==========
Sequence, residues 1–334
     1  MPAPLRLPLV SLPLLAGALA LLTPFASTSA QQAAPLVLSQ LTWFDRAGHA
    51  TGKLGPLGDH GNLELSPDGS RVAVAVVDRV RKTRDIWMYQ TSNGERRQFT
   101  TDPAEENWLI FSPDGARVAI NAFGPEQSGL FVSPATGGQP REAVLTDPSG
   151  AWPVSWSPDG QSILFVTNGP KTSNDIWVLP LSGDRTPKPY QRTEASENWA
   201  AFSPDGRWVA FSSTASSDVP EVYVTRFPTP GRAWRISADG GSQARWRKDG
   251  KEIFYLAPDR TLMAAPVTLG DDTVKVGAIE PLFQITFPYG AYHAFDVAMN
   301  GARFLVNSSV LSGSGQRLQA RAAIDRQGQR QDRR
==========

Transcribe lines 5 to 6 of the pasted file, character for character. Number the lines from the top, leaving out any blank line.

   151  AWPVSWSPDG QSILFVTNGP KTSNDIWVLP LSGDRTPKPY QRTEASENWA
   201  AFSPDGRWVA FSSTASSDVP EVYVTRFPTP GRAWRISADG GSQARWRKDG